“A product of colonial culture.”

Well, that is hot nonsense. Because “jab” and ‘jag” are both Scots words. True, you’re perhaps more likely to say “jag” in Glasgow, or “jab” in Aberdeen.

Using a Scots word is hardly evidence of being “colonised”. But then neither is using an English one. Or writing – or reading – an article in The Herald in English, for that matter. Or tweeting in English.

But what is going on here? Why do people want to police how others talk?

“Everybody has opinions on language simply because everybody uses language. It’s a little bit like all of us are experts in gas physics just because we breathe,” says Joanna Kopaczyk, senior lecturer in Scots and English at Glasgow University.

“The way we speak says more about us than just the words we utter. It’s the basis of first impressions and wakes up all kinds of associations and stereotypes.

“So if somebody’s language use doesn’t conform to a model another person has formed in their head through education or some sort of subjective process, that other person may feel the need to impose their model on others.”

Linguists talk about prescriptivism, when people insist on certain usages. Up to a point, this isn’t a bad thing: all our mums and dads taught us to say “feet” and not “foots” and we pretty much all agree that this, frankly weird, plural is correct in English.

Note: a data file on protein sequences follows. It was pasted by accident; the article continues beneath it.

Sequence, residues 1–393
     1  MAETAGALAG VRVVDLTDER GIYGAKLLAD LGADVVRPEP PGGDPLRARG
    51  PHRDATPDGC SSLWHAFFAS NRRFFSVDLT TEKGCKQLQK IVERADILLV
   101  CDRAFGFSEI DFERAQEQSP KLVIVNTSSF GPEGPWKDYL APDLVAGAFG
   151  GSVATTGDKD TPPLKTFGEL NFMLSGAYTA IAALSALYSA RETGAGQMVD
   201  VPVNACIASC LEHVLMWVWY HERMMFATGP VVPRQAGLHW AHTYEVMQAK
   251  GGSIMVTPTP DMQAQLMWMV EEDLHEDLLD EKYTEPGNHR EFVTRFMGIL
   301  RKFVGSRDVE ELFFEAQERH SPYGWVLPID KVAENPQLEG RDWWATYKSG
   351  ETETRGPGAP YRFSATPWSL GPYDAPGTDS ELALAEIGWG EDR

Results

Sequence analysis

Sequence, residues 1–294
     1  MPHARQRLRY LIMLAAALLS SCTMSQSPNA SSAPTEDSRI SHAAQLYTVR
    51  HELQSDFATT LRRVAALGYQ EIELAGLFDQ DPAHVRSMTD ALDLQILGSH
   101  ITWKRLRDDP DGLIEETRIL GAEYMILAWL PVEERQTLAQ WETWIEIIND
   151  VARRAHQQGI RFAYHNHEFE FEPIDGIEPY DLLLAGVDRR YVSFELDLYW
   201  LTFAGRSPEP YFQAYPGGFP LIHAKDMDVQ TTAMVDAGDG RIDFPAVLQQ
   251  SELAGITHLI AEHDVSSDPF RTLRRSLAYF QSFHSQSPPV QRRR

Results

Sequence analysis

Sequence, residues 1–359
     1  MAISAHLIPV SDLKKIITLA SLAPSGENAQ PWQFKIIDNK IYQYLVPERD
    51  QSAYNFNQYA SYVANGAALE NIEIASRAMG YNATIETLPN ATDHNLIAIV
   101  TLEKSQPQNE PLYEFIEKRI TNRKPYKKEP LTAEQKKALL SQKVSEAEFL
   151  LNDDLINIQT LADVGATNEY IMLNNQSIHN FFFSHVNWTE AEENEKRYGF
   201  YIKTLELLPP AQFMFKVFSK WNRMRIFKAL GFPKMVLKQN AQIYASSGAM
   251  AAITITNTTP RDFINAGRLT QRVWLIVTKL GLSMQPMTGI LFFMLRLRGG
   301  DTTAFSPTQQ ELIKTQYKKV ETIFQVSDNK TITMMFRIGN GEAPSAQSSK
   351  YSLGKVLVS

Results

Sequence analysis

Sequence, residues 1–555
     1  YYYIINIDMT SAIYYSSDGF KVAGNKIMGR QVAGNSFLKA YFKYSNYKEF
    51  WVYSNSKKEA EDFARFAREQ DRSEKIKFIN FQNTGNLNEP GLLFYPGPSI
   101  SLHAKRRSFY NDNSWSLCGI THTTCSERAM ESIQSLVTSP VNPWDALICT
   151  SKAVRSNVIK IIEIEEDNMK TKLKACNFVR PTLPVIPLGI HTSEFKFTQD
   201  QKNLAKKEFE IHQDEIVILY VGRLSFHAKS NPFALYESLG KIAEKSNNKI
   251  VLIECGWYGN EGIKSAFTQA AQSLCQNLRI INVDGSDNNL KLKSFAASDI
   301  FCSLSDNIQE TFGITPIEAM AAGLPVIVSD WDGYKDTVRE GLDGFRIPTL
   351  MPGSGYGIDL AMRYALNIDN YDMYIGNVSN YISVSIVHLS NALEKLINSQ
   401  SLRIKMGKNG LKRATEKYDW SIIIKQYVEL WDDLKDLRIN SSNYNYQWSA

English – unlike Scots – has been standardised. But not completely. It includes a lot of variety, including in Scotland, where a lot of standard English language borrowed from Scots. Like jag and jab. And variety, as the old saying goes, is the spice of life.

“I see prescriptivism as the extreme end of language standardisation,” says Ms Kopaczyk.“It’s like language police and it’s designed to make people feel uneasy about their primary human asset – their own language. Standard language is useful but even within the standard there’s always a degree of variation, and staunch prescriptivists often get caught up in relatively pointless battles over details.”